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Did a batch of C41 developing this weekend and I still feel completely knackered from it. So… much… standing… My ankles still ache. But it was a good batch of film, and I tried out some different things, and as a result, have a ton of photography stuff to write about. Instead of trying to cover everything in one epic post, I’ll try to narrow it down to one topic per post for the next little while.
Before I go into redscale, I feel like I should talk about my chems, first. Some time last year I ordered a Unicolor C-41 kit from Freestyle. I had been using the Arista liquid C41 kits that they sell, but since the Unicolor was cheaper, I wanted to try that out, too. I bought the 2 liter kit and decided to divide it into 3 batches of 666 ml – that amount was enough to fill my small tank and have a little extra, to account for chem loss during the developing marathons I normally do. So, last year, I mixed up and used two of the three batches of chems, and then promptly forgot about the third batch. I had some more liquid chems from the Arista kit, so I used those last time I developed film, and didn’t realize I had the third batch of Unicolor powder chems left over until I went scrounging around in my developing stuff a few days ago.
Like I mentioned in the last post, I took the box out of the plastic bag it was wrapped in and immediately smelled ammonia. I figured that probably wasn’t a real good sign. However, the Unicolor powder chems were the last C41 chems I had in the house, so I decided to mix them up and see if they still worked. If not, I’d just develop black and white film instead.
Amazingly, the chems seemed to work just fine. They scared the crap out of me – I made sure to wear gloves and my respirator when I was mixing them just in case – but I have no complaints about their viability. The developer powder looked like sawdust, which I distinctly remember it not looking like when the chems were fresh, and the two Blix powders had somehow absorbed enough moisture to make them into bricks instead of powders. However, everything dissolved just fine when I swirled it around in water. So, I have to say, two thumbs up on the Unicolor chems. I’ll probably just be dealing with powdered C41 chems in the future. They’re cheaper, and seem to handle less than ideal storage conditions with aplomb.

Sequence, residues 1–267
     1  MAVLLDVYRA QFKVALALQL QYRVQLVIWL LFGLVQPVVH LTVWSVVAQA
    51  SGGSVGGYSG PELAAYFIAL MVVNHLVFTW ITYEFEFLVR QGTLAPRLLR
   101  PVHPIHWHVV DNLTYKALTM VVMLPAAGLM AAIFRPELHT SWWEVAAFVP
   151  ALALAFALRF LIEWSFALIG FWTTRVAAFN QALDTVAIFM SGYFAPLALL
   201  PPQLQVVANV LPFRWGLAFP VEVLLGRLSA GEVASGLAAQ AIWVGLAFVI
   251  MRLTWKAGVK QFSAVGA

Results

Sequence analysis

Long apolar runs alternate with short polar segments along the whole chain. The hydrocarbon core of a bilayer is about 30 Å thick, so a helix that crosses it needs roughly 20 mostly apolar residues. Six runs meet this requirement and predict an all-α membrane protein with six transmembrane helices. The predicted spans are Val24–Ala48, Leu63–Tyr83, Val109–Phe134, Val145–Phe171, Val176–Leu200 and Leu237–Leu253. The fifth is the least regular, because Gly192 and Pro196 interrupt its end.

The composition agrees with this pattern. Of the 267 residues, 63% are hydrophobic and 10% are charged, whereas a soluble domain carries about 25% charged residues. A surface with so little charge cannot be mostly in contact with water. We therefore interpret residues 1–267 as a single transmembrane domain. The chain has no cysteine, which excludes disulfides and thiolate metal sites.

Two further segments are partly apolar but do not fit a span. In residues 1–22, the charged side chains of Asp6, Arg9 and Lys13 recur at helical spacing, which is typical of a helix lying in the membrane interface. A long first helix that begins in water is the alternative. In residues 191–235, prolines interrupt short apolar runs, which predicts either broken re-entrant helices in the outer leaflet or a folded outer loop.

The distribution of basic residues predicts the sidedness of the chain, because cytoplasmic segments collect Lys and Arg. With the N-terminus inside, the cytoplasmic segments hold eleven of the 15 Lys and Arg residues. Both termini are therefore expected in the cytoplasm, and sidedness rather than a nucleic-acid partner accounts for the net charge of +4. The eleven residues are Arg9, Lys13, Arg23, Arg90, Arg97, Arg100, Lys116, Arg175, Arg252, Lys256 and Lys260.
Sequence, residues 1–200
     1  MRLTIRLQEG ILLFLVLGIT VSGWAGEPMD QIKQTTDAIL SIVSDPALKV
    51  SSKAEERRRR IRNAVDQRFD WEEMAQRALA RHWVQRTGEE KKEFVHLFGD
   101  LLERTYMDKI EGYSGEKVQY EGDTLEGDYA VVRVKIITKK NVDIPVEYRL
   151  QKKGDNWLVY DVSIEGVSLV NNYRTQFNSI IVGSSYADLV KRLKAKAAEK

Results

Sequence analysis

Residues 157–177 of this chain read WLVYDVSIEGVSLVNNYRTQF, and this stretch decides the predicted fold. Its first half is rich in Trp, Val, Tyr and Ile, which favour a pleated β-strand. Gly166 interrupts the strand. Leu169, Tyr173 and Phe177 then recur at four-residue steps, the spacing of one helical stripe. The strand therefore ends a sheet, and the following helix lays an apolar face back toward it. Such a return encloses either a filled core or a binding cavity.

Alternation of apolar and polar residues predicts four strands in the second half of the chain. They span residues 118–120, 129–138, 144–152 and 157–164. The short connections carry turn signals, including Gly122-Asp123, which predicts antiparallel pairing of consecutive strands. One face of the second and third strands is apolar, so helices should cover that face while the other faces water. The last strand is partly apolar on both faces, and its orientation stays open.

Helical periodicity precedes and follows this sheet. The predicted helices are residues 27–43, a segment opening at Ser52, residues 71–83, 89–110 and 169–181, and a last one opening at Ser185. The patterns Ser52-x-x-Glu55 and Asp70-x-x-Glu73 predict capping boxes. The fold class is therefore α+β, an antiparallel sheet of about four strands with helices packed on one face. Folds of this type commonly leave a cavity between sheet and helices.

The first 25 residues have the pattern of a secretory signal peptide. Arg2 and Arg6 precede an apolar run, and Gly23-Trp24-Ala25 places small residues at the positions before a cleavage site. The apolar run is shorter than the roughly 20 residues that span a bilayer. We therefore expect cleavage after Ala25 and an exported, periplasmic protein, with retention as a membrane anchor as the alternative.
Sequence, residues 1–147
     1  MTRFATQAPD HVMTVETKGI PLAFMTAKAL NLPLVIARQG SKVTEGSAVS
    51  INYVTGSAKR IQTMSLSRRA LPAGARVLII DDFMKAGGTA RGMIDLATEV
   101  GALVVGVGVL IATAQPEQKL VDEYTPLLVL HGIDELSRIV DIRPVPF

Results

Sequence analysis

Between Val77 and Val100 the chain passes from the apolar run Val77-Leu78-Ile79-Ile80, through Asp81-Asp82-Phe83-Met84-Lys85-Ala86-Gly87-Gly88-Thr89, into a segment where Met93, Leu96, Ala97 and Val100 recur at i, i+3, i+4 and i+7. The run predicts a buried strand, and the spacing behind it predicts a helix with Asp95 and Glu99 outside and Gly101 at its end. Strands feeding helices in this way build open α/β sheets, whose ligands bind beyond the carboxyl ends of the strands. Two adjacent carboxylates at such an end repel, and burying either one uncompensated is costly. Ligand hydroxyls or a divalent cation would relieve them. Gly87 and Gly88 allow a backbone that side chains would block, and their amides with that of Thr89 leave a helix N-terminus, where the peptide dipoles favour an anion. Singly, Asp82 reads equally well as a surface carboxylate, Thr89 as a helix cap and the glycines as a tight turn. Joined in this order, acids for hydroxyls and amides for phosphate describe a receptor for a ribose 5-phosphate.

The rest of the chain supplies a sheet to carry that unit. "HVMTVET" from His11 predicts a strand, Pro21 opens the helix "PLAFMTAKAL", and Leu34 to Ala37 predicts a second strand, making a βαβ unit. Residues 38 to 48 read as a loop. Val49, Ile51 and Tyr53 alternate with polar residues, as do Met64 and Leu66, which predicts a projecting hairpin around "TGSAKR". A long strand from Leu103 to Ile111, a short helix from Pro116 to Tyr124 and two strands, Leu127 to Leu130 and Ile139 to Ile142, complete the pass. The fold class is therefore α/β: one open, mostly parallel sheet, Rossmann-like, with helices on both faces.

Anyway, redscale! If you’ve never heard of it before, redscale is the technique of shooting pictures on the wrong (non-emulsion) side of the film. It gives the resulting images a reddish/orange cast. It’s something that all the cool LOMO kids think is nifty.
I’ve admired some redscale pics I’ve seen on Flickr before, but the one time I experimented with it, I wasn’t real impressed. However, I was using the redscale film in a light leaky 35mm pinhole camera, so that may have had something to do with my meh-ness.
Since I’ve accumulated a gaggle of 35mm film and really don’t find myself shooting 35mm all that often, before I went to New York, I respooled some of it onto 120 backing paper to shoot in the Yashica C and the Savoy. I flipped some of the film backwards to be used as redscale, and shot a roll of it by Union Square and Bryant Park using the Savoy.
So, okay. Redscale. Yep. It’s red. The above pic shows how it looks with a minimum of Photoshopping. And it’s okay, but still didn’t make me be all ‘yay!’ about it.
However, I found if I kicked the saturation down a few notches, I liked it better.
I shot a picture looking straight up at the sun, too, and had the sky come out orange rather than red.
I took one of the pictures and sexed it up a little in Photoshop.
Redscale still isn’t something I think I’ll be doing a lot of, but it’s kind of a fun way to use up random boring rolls of film. I think the next time I shoot with it, I’ll use the Yashica and and a slower than normal shutter speed to see if I can get more natural contrast, or maybe try using 400 speed film in the Savoy instead (all of these pictures were taken with 200 speed Fuji). I also haven’t tried shooting redscale film with slide film, so that may be something interesting to play with.